Too much rainfall is creating more work and expense for some farmers in Mississippi, who have had to replant crops like corn and soybeans.
MPB's Mark Rigsby visited the Gaddis Farms in Bolton.
"You know. It puts us behind on other things we need to be doing. It's a problem."
Ted Kendall is a lifelong farmer. He manages 35-hundred acres. The farm has been in the family since 1897.
Kendall had to replant 15% of his corn because of too much rainfall shortly after Spring planting.
This is field corn, used to feed poultry and to produce ethanol.
He took me to a part of a corn field that had been saturated.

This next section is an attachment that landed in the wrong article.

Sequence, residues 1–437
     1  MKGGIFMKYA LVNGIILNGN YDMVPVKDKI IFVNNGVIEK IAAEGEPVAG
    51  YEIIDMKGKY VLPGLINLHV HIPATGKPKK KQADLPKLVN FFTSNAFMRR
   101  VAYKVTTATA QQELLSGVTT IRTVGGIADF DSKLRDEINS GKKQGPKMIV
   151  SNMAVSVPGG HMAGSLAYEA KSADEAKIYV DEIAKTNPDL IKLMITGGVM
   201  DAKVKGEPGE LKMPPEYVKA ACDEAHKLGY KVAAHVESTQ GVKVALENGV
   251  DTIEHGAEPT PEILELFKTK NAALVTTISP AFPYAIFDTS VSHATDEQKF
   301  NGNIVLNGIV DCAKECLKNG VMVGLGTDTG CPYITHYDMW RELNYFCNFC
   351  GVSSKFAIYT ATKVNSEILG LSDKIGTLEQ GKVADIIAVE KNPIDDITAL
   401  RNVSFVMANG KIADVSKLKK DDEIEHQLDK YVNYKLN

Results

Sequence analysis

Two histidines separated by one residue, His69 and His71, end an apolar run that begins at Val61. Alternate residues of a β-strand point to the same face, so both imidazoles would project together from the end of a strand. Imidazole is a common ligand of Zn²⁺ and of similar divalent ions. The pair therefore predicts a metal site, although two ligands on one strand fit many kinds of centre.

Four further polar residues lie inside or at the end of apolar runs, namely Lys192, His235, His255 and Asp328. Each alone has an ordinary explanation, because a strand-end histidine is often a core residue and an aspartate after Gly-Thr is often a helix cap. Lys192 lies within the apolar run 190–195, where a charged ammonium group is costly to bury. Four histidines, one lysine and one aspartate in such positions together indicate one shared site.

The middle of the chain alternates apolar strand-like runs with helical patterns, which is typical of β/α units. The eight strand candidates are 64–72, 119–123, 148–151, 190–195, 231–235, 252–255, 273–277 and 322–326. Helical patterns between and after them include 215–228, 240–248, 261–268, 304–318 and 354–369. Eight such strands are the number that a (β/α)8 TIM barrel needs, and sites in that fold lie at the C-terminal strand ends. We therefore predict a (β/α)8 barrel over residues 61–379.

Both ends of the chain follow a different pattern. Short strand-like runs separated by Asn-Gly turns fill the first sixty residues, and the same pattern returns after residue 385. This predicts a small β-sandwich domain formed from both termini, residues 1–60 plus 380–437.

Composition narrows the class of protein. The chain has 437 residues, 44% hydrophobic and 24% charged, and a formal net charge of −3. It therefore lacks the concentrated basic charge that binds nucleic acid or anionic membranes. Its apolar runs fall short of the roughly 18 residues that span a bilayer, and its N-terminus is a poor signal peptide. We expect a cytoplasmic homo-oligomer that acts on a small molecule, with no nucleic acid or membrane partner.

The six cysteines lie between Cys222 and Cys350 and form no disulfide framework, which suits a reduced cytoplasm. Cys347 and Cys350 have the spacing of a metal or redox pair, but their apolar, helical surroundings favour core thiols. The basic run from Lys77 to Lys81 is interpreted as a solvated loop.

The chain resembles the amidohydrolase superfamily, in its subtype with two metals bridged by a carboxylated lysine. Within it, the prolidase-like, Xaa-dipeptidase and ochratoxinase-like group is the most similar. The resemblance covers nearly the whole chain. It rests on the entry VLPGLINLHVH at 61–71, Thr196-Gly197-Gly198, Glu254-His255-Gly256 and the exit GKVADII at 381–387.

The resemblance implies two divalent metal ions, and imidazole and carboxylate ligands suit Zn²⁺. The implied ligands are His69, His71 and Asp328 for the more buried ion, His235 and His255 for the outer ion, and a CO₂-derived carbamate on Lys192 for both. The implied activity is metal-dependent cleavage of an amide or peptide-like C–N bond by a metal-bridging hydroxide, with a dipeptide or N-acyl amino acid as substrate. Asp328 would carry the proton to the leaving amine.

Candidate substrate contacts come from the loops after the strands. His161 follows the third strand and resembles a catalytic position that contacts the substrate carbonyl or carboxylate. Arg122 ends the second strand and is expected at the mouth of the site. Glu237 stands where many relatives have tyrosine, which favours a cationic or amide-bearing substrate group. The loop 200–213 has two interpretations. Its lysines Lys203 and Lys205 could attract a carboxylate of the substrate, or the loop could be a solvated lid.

"We're looking at a low area, where due to the excessive rainfall, did not germinate, come up. And so, on the side of the well-drained hill, the corn looks good and healthy," says Kendall.
Kendall - like many farmers across the state whose fields got too much rain - must make a decision to spot plant parts of the field, replant an entire field, or whether to replant at all.
"Does this also equal dollars?"
"Absolutely. When you're replanting corn, you're spending dollars, and with the reduced yield that's fewer dollars you'll realize at the end of the year," says Kendall.
Some of his replanted fields are starting to come up, but they're still weeks behind schedule.
He knows it's hurt the yield potential of the corn crop, but he's hoping for the best.